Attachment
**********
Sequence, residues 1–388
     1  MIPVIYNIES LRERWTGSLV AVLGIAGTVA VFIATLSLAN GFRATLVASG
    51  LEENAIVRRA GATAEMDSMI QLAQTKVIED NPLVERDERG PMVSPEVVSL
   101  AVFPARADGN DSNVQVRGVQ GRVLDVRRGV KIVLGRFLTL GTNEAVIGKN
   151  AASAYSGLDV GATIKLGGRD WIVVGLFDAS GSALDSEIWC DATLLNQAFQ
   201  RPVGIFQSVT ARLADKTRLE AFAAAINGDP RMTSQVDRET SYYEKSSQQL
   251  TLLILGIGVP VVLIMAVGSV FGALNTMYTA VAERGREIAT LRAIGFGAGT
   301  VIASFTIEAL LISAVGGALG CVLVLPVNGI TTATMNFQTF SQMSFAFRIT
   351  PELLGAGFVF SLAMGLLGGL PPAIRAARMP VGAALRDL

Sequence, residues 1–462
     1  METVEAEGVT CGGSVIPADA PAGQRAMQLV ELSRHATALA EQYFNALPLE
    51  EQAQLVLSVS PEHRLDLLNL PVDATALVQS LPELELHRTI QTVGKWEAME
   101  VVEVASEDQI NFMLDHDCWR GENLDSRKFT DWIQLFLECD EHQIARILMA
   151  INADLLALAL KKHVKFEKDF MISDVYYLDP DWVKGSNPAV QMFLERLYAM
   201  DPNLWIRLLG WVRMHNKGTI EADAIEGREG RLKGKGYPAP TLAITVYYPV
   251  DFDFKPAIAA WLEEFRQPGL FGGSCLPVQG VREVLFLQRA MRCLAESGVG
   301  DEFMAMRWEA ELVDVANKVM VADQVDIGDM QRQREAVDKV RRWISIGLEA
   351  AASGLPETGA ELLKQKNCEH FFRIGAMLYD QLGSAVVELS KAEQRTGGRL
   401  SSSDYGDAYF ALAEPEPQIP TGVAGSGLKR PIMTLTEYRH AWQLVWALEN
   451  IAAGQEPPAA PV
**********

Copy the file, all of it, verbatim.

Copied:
Sequence, residues 1–388
     1  MIPVIYNIES LRERWTGSLV AVLGIAGTVA VFIATLSLAN GFRATLVASG
    51  LEENAIVRRA GATAEMDSMI QLAQTKVIED NPLVERDERG PMVSPEVVSL
   101  AVFPARADGN DSNVQVRGVQ GRVLDVRRGV KIVLGRFLTL GTNEAVIGKN
   151  AASAYSGLDV GATIKLGGRD WIVVGLFDAS GSALDSEIWC DATLLNQAFQ
   201  RPVGIFQSVT ARLADKTRLE AFAAAINGDP RMTSQVDRET SYYEKSSQQL
   251  TLLILGIGVP VVLIMAVGSV FGALNTMYTA VAERGREIAT LRAIGFGAGT
   301  VIASFTIEAL LISAVGGALG CVLVLPVNGI TTATMNFQTF SQMSFAFRIT
   351  PELLGAGFVF SLAMGLLGGL PPAIRAARMP VGAALRDL

Sequence, residues 1–462
     1  METVEAEGVT CGGSVIPADA PAGQRAMQLV ELSRHATALA EQYFNALPLE
    51  EQAQLVLSVS PEHRLDLLNL PVDATALVQS LPELELHRTI QTVGKWEAME
   101  VVEVASEDQI NFMLDHDCWR GENLDSRKFT DWIQLFLECD EHQIARILMA
   151  INADLLALAL KKHVKFEKDF MISDVYYLDP DWVKGSNPAV QMFLERLYAM
   201  DPNLWIRLLG WVRMHNKGTI EADAIEGREG RLKGKGYPAP TLAITVYYPV
   251  DFDFKPAIAA WLEEFRQPGL FGGSCLPVQG VREVLFLQRA MRCLAESGVG
   301  DEFMAMRWEA ELVDVANKVM VADQVDIGDM QRQREAVDKV RRWISIGLEA
   351  AASGLPETGA ELLKQKNCEH FFRIGAMLYD QLGSAVVELS KAEQRTGGRL
   401  SSSDYGDAYF ALAEPEPQIP TGVAGSGLKR PIMTLTEYRH AWQLVWALEN
   451  IAAGQEPPAA PV